Samosa, the Japanese way

This week Rahul Verma discovers a link between poetry and samosa!

Not all food experiences work out well. Last week, I went in search of a man who, reader V.K. Arora assured me, made the most delicious brain curry in Jheel, a crowded part of Eastern Delhi. I went there, got lost in the crowd, almost collided with other cars in a mad traffic jam, and ended up coming home without being able to find the place I had gone in search of. It was a major disappointment, but like Arnold Schwarzenegger, I promised Jheel that I would be back. So when Jheel didn’t work out, I faithfully set out for Old Delhi the next day. A friend had been waxing eloquent about a shop that sold the most delicious aam papads.

It wasn’t quite my week, for I never did manage to locate that shop either. But, whoever it was who coined that phrase about clouds and silver linings knew what he or she was talking about. I didn’t find my aam papad – but I found a great shop for Japani samosas.

Readers may remember my earlier encounter with the Japani samosa. I first discovered this wonderful snack when I went to Manohar’s shop some years ago. Manohar had a little shop somewhere between Moti Cinema and the Lajpat Rai Market in Old Delhi.

That was the first time I ate a Japani samosa, and promptly fell in love with it. It’s a wonderful savoury – less like the samosa and more like a puff pastry. It doesn’t look like a samosa, nor does it taste like one. But it shares a common thread with the samosa – there is an outer case made with flour, and a filling. And like the samosa, which is often sold with an accompanying plate of chholey, the Japani samosa comes with a tasty side-dish.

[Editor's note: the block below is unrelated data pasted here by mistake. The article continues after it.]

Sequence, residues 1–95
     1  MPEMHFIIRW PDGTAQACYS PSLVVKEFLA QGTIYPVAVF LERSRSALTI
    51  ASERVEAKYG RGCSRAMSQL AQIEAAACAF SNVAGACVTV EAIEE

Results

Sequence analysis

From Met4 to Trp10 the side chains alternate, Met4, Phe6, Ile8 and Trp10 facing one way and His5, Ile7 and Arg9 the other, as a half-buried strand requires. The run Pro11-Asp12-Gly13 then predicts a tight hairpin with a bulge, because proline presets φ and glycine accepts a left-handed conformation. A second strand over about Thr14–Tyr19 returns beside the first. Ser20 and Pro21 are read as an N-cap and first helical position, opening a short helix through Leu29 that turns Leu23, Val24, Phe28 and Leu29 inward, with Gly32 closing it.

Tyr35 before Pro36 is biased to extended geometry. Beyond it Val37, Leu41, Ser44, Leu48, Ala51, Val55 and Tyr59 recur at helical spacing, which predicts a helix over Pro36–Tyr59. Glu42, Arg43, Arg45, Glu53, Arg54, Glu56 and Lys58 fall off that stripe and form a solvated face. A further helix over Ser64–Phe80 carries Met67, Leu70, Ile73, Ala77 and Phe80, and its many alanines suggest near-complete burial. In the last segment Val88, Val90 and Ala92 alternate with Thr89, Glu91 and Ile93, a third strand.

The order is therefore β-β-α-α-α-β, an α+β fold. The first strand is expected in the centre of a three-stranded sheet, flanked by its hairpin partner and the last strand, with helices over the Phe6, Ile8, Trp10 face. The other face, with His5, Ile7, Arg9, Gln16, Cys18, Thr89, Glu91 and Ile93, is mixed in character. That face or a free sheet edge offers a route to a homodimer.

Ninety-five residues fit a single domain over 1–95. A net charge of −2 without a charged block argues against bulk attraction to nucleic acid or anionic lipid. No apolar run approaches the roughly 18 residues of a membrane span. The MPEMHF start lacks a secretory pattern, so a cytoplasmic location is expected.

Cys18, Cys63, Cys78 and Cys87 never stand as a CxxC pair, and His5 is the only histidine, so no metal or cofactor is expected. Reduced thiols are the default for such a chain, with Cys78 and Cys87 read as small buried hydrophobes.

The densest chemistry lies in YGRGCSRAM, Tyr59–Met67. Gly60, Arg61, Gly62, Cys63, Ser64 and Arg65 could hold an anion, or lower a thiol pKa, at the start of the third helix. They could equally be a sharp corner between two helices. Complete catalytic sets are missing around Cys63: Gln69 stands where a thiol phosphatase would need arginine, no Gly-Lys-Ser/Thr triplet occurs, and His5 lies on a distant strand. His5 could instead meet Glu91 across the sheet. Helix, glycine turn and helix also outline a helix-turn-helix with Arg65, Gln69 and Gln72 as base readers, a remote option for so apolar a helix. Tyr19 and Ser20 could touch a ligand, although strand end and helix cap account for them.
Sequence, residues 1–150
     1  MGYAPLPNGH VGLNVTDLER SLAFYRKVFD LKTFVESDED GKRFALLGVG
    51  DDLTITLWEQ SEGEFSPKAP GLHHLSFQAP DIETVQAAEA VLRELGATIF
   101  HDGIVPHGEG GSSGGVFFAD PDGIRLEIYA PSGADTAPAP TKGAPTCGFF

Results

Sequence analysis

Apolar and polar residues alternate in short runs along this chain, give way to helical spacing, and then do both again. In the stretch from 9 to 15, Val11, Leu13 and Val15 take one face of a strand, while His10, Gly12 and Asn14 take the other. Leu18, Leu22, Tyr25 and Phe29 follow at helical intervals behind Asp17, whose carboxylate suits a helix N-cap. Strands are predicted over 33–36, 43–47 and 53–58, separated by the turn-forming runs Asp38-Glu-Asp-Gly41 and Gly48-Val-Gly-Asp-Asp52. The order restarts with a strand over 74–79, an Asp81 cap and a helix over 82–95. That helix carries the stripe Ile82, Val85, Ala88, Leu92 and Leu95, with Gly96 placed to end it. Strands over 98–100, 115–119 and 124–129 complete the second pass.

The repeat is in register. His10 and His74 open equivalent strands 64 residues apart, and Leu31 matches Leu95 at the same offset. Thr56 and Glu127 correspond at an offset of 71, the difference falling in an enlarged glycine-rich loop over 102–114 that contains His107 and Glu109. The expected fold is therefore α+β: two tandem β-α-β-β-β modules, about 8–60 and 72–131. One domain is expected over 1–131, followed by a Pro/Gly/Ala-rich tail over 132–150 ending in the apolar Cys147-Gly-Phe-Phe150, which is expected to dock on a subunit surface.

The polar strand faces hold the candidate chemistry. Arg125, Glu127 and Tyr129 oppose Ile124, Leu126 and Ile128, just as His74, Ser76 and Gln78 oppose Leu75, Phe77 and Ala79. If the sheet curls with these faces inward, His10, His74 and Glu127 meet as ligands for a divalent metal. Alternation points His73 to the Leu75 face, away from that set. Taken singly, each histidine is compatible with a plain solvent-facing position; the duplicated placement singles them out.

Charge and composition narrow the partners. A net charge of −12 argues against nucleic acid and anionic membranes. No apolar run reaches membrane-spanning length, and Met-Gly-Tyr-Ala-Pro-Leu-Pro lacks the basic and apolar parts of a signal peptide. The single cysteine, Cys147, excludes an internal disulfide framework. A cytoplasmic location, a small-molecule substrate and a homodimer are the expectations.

The new place is in Chandni Chowk. If you walk towards Fatehpuri Masjid, you will find the famous sweet shop, Shiv Mishthaan Bhandar, on your right. There is a lane next to it, called Kucha Ghasiram.

Enter the lane, and you will find Arun Kamboj sitting on the ground with his Japani samosas. Arun’s Japani samosa is very, very good. The filling is of peas and potatoes, and it comes with some chholeys, onion rings, a carrot pickle, and raw mango with salt and chillies. The chholey is indeed delicious – a bit runny, and not the least bit oily. He boils his chholey first, and then tempers with masalas. One samosa with chholey comes for Rs.7. His chholey is so good that he also sells it with bhaturas, kulchas and a vegetable pulao. The name – Japani samosa – is still a mystery after all these years. Some old-timers believe that the snack – and therefore the name – emerged during the Second World War. I have started to believe that the name is a tribute to the Japanese people’s love for haikus, those wonderful short poems. The Japani samosa, indeed, is a poetic ode to creation. The savoury has its own magic – quite like that of the cherry trees in springtime.

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